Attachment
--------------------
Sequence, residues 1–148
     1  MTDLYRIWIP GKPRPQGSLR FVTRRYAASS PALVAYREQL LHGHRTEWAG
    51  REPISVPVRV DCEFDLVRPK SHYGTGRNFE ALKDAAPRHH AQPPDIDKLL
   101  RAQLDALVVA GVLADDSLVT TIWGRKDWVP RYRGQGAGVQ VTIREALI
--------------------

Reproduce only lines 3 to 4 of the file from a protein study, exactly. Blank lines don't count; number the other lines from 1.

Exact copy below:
    51  REPISVPVRV DCEFDLVRPK SHYGTGRNFE ALKDAAPRHH AQPPDIDKLL
   101  RAQLDALVVA GVLADDSLVT TIWGRKDWVP RYRGQGAGVQ VTIREALI